is an interdisciplinary field that ana­lyzes past and current conditions, events, and trends for the purpose of forecasting future devel­opments. Alternate terms include future studies, futuristics, forecasting, and futurism. During this time of rapid technological, scientific, and social change, futurology is more important than ever. However, the goal of futurology is not to predict specific events or one-time occurrences, but to improve our probable or alternative futures.

Futurology is a relatively new field of study, first espoused by science fiction author H. G. Wells, who called for the establishment of “Departments and Professors of Foresight” during a 1932 BBC broadcast. The term futurology was first used during World War II by political scientist Ossip Flechteim, to describe this new field of knowledge based on a probable and systematic analysis for the future. During the Cold War, Herman Kahn, Olaf Helmer, and other experts at the RAND Corporation think tank laid the meth­odological foundations for futurology by employ­ing the scenario technique, game theory, and systems analysis to analyze military strategy.

With these foundations set, it was possible to conduct the first course devoted to futurology, taught by Alvin Toffler at The New School for Social Research in New York in 1966. Most of Toffler’s key ideas are encapsulated in his book Future Shock, about the effects of accelerated rates of change on society, including “super-industrial­ization” and “information overload.” Toffler named some well-known and influential futurists of his time in his 1972 edition of The Futurists, such as R. Buckminster Fuller, Marshall McLuhan, and Margaret Mead. During the 1960s and 1970s, many futurist groups were formed, including the World Future Society in 1966.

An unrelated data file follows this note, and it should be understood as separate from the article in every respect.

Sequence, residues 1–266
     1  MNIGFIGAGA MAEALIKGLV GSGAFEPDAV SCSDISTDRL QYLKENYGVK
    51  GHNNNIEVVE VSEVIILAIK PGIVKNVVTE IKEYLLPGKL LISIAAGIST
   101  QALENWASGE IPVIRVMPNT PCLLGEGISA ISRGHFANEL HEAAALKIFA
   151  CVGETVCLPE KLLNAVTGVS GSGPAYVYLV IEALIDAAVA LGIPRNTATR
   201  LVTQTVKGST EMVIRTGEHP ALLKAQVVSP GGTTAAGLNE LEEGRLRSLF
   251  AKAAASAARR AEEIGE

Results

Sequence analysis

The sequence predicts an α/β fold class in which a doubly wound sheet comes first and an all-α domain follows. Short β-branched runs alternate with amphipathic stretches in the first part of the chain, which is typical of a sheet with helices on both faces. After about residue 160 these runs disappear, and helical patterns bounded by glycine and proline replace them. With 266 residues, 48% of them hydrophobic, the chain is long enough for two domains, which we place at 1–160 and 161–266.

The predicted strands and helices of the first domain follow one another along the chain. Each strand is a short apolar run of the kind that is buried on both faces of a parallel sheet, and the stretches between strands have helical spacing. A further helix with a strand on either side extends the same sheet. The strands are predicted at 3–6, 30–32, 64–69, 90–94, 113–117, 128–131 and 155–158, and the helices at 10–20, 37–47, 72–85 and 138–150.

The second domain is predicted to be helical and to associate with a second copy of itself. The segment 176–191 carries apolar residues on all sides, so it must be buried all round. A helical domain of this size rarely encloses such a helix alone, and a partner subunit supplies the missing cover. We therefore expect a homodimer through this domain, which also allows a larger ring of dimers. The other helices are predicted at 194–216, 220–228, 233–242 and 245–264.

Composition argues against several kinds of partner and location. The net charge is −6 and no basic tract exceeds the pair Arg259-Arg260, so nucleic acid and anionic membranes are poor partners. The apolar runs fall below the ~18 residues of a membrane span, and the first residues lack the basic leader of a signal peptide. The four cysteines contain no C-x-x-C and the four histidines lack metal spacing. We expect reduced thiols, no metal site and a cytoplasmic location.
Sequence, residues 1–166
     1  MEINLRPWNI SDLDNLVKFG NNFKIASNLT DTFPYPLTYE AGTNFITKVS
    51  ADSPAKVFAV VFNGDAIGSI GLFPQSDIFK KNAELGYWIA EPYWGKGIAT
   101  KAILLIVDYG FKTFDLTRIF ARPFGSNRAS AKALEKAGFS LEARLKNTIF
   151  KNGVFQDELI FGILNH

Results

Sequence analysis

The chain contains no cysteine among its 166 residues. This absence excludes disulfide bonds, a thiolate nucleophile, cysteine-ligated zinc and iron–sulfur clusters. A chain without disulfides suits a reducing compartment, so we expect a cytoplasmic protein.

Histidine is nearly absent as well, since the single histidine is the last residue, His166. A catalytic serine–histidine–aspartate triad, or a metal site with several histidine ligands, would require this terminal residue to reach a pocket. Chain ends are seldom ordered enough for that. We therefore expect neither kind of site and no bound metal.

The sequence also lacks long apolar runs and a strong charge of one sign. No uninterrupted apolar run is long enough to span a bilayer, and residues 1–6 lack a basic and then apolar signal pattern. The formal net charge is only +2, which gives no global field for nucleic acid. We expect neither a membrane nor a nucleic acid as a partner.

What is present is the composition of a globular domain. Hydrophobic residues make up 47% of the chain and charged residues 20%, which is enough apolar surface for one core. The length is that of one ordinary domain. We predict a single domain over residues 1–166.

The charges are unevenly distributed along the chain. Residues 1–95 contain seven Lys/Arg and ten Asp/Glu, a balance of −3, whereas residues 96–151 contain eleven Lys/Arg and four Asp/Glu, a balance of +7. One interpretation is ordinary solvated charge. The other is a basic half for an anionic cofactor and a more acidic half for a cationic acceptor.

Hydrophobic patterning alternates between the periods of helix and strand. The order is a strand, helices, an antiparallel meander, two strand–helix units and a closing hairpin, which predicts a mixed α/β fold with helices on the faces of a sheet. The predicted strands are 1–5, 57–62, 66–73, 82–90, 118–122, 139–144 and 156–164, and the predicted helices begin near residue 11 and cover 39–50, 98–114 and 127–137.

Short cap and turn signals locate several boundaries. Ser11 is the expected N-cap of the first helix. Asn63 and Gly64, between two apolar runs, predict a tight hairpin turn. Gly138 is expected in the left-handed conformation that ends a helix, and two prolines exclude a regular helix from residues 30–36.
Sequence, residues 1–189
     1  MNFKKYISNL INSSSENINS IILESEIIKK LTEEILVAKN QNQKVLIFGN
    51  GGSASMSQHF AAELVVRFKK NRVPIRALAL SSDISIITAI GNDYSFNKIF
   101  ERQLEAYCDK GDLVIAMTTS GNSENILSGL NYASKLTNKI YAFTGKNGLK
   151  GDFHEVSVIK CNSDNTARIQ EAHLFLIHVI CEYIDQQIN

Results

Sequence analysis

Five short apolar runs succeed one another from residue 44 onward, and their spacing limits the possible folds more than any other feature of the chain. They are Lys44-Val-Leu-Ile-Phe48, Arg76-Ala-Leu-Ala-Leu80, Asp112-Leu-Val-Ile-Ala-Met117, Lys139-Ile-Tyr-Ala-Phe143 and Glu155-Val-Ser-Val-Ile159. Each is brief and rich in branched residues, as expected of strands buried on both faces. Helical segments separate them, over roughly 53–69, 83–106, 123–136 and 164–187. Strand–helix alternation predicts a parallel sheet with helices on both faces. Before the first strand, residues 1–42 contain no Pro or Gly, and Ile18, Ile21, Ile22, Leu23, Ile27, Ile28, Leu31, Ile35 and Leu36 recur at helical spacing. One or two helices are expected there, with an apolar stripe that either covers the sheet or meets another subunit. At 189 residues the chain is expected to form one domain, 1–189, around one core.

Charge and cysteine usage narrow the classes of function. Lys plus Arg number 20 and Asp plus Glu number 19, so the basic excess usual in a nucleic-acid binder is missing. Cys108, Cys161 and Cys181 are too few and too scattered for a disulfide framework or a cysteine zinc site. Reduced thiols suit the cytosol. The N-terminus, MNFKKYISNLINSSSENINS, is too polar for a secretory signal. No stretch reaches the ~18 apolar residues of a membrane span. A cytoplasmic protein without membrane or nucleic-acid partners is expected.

Sir Arthur C. Clarke was another leading futur­ist and active member of the World Future Society, as well as a foreteller of global network communi­cation satellites. He maintained that no one could predict the future but it was feasible to map “pos­sible futures.” Other futurists, some more special­ized than their predecessors, include Ray Kurzweil in the field of artificial intelligence, Eric Drexler in nanotechnology, Patrick Dixon in business, Arnulf Grubler in energy and environment, and Greg Stock in genetic engineering.

Today, futurists can include professional and academic visionaries, consultants, policy analysts, professors, and writers from many disciplines, including anthropology, computer science, eco­nomics, education, engineering, environmental science, history, library and information science, mathematics, physical sciences, political science, and sociology.

Regardless of a futurist’s profession or academic expertise, all encourage “big picture” or cross­disciplinary thinking. According to futurist Edward Cornish, there are six “super trends” to under­stand if one wishes to see the big picture or the “Great Transformation” of what is shaping our future. They include technological progress; eco­nomic growth; health improvement; mobility increase; environmental decline; and decultura- tion. Futurists may advise companies, government agencies, and various organizations on possible scenarios and outcomes based on these super trends.